Paul Verhoeven declared this in an interview with Adam Nayman, the writer who penned a book-length defense of a film that critics called “vile,” “garish,” “laughable,” and “gross.” Those descriptions, it turns out, ring true, though they aim at the wrong target. The directors’ assertion that Showgirls marks his most matter-of-fact work indicates that the world as a whole, not the movie that exposes its true nature, falls under the category of vile, garish, laughable, and gross. In other words, society bites the big weeny, and the movie seeks to tell the truth about it.
Nevertheless, the punishing reactions, many more over-the-top than star Elizabeth Berkley’s Razzie-winning performance, kept piling on back in 1995. Some of these diatribes continue twenty-five years later, but with the popularity of midnight screenings that welcome audience participation, the film found its footing, albeit on an accidental path.
In Nayman’s book, “It Doesn’t Suck”, the author likens the experience of the movie to a cinematic Rorschach test. “If the viewer wants to see a ‘piece of shit,’ chances are that he will; certainly enough people did and still do. If the viewer knows how to look, however, then Showgirls’ magnificence will reveal itself as grandly and nakedly as a striptease.” To piggy-back on Nayman’s observation, Showgirls never enjoyed the benefit of a clean slate. Those inkblots always existed.
Watching it these days, the audience goes in with an expectation of Rocky Horror Picture Show experience, and when the movie hit theaters twenty-five years ago, the critical butchering had already inflicted damage. But Showgirls’ reputation suffered before even one ticket got sold or any newspaper released a sharp-tongued review.
Taboos and Myth Creation
The film’s star power created a barrier to the film gaining the merit it deserves. Not long before she donned the Versace (pronounced “ver-sayce”) dress, Elizabeth Berkley played the straight-A, straight-edged Jessie Spanno on a Saturday morning kids’ show about teenagers who make positive decisions in challenging scenarios. And more than any other member of the gang, Jessie fits this goody-two-shoes model.
The character shows her friends kindness, champions equal rights, apologizes when she hurts someones’ feelings, and uses her privilege for the betterment of humankind, all while working toward Ivy League ambitions. Then the opportunity to tap into a taboo popped up.
One sunny day near the end of the Twentieth Century, the actor who brought Jessie to life appeared on a movie poster that hinted at the particulars of her natural state. And so the would-be masterpiece debuted with an ipso facto subtitle. Showgirls: You Get to See the Girl from Saved by the Bell Naked.
With all of these distractions, we missed something of vital significance, an element that makes Verhoeven’s proclamation that Showgirls marked his most realistic movie very true. As a work of art, the movie tells a story about human carnality, greed, and mercilessness, innate characteristics that we might offset but can never vanquish. The story critiques our thoughts and behaviors in a powerful way, calling for so much personal reflection that it redefines audience participation itself. Put another way, it allows viewers to take part, but through introspection, meditation, and self-realization. In short, Showgirls gives us psychoanalysis via cinema.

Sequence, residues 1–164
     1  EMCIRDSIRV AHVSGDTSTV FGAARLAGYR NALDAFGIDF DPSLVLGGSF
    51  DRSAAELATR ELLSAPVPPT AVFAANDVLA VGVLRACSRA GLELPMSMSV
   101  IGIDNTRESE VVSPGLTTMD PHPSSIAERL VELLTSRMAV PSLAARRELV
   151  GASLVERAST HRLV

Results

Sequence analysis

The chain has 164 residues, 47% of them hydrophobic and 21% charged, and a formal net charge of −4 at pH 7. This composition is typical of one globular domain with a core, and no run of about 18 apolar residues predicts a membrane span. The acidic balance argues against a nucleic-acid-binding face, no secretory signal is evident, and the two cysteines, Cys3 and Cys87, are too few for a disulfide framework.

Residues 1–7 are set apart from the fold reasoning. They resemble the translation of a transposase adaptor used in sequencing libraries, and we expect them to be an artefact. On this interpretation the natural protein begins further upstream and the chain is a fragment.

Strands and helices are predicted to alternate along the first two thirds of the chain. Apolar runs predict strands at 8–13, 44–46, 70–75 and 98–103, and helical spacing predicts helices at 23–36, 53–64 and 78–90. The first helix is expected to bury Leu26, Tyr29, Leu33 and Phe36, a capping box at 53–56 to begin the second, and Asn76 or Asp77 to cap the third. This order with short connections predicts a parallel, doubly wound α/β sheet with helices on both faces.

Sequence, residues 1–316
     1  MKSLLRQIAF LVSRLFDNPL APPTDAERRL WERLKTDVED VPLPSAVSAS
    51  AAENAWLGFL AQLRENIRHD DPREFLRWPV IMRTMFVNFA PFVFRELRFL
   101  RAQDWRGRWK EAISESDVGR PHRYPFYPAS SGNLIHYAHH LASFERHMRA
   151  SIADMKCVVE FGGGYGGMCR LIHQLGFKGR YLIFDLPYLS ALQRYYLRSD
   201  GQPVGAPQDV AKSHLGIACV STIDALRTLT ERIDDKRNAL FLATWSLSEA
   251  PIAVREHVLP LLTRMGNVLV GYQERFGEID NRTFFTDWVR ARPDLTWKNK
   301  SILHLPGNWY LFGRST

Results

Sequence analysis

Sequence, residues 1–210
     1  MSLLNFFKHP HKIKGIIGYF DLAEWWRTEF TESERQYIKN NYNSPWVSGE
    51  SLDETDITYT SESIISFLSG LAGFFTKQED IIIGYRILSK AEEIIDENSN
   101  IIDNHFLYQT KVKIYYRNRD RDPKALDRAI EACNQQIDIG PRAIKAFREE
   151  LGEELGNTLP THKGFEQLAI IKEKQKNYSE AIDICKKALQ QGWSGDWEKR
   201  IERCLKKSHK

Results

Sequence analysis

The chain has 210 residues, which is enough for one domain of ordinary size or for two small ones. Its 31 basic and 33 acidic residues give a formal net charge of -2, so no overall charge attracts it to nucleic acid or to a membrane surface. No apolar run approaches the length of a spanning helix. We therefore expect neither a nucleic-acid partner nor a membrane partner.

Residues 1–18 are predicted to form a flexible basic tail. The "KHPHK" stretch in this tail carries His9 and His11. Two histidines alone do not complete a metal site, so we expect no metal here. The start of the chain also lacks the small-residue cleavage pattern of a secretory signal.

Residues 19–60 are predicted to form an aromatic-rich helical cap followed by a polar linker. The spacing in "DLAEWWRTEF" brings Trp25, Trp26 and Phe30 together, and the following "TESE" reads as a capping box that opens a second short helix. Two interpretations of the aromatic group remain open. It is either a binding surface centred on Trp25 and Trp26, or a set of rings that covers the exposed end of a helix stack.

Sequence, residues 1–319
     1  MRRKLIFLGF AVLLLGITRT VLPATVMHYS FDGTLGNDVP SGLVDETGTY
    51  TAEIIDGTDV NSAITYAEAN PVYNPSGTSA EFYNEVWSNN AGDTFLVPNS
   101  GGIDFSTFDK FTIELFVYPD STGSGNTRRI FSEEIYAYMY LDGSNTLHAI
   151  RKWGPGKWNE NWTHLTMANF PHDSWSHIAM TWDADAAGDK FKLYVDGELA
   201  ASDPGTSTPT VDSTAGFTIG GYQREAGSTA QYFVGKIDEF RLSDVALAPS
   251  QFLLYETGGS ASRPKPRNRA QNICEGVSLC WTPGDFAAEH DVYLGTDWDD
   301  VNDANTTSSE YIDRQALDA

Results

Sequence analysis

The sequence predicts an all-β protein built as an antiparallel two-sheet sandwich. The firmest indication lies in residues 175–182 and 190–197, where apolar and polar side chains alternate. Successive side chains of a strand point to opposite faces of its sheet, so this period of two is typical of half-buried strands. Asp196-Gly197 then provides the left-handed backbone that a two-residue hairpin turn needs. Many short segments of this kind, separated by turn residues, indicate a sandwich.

Psychoanalysis, Dodging Genre, and the Kubrick Connection
Though he had nothing to do with Showgirls’ production, Stanley Kubrick harbored some thoughts on the situation described above: “The most terrifying fact about the universe is not that it is hostile, but that it is indifferent.” The director’s sentiment speaks to the austere reality that the universe holds no obligation to deliver happiness, but his thought ends with a trickle of hope. “However vast the darkness, we must supply our own light.”
Kubrick, of course, gave us some of cinema’s most celebrated arthouse films, stories that ask existential questions about the nature of existence and where humans end up if they keep following the same behavioral patterns. He also used a whole bunch of sex and violence to illustrate his points. Meanwhile, Showgirls got thrown in the rubbish bin the moment it hit theater screens, though it tackles those exact narrative goals. Even as she weaponizes her sexuality, Nomi Malone supplies the light Kubrick spoke about, though most everyone she meets seeks to snuff it out.
To that end, Stanley Kubrick borrowed Paul Verhoeven’s heightened audience involvement routine. In the director’s final movie, Eyes Wide Shut, the story asks us what we find most important in several scenarios. For example, Dr. Bill Harford (Tom Cruise) answers the call to resuscitate an overdosing call girl. The cocktail of heroin and cocaine seething through her bloodstream may cut her life short, but the camera nevertheless lingers on her naked body, a full display of the skin’s canvas lain slack as a rag doll across a chair. Should the audience pay mind to her recovery? Or her sexual allure?